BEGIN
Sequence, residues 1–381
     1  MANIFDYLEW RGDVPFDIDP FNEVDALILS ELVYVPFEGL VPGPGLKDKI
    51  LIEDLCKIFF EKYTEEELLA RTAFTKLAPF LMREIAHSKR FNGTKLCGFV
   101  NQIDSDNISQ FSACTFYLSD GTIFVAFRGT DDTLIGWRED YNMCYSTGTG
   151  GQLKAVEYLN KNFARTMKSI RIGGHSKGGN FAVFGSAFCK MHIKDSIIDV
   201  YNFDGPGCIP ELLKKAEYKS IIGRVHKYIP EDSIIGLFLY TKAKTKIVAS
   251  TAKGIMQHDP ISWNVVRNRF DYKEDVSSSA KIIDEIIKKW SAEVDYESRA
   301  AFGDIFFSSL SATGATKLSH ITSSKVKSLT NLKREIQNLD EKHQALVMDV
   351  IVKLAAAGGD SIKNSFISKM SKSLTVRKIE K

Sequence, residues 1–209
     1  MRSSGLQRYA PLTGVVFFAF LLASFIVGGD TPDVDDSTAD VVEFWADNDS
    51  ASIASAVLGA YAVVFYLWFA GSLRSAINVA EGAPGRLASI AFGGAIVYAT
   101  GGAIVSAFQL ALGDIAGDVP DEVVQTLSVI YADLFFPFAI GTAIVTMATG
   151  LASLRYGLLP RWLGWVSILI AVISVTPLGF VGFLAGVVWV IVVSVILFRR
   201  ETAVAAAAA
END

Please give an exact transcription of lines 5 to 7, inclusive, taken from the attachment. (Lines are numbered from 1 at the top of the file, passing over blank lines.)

   151  GQLKAVEYLN KNFARTMKSI RIGGHSKGGN FAVFGSAFCK MHIKDSIIDV
   201  YNFDGPGCIP ELLKKAEYKS IIGRVHKYIP EDSIIGLFLY TKAKTKIVAS
   251  TAKGIMQHDP ISWNVVRNRF DYKEDVSSSA KIIDEIIKKW SAEVDYESRA